Everything can be a asset and everything can be a liability. Take for example of a car. The cost of a car is astronomical when calculated. The monthly payments, gas, maintenance, and car insurance all combine to create a massive collateral damage to the pocket book. One way to turn this apparent liability into a asset is by employing it to generate positive income. This can be done by using it to transport people, move things, or to make it a mobile office.
Some say that one’s house is their greatest asset and this may be true. This can be the case since it can be used to invite friends over to have a dinner engagement. Also, it can be rented out for vacations. Others ways it can be a asset is by painting the exterior, make a beautiful rock garden, adding a pool or extension to the house like a room, porch, or deck. A house can also be used as storage for other assets or put things on display for visitors to view. It can be used as a bed and breakfast or a room can be rented out to a student. Food is another asset to the home owner as well as a security system. Selling everything in the house may be an excellent idea. It can be replaced with new everything. One thing that may not be obvious is cutting back the expenses of the house like electric and water bill or property tax and insurance which the Archer method of decreasing expenses and increasing income.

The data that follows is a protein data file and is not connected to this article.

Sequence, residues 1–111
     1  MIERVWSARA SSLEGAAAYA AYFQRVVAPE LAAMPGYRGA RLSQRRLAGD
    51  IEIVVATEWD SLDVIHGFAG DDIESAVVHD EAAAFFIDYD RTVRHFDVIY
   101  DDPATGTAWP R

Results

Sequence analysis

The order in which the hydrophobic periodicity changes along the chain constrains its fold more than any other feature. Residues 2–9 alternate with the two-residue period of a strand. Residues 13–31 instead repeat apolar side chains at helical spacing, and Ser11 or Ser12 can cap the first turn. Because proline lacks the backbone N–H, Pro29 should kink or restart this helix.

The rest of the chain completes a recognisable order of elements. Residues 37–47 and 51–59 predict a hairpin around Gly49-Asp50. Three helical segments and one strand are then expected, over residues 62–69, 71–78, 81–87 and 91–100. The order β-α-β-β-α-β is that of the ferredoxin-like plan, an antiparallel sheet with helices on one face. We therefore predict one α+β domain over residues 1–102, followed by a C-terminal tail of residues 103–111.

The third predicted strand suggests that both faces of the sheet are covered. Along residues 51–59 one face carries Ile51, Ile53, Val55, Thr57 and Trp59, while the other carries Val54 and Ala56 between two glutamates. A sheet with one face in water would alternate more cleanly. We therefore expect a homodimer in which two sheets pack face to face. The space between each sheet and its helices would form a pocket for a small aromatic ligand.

To give fair and honest scales, each asset can be a liability as well, the other side may say. One of these is if there is a outrageous glut of a specific item and nobody wants to purchase it or it becomes worthless. Baseball cards may be a good representation of this since there are so many common cards. But not only that, if a star player loses his fame, the card value goes down and becomes a common card. Any investment can be the same.
In the end, everything can be an asset or liability because “every hands a winner and every hand is a loser. You just got to know when to hold them and know when fold them. Know when to walk away and know when to run.”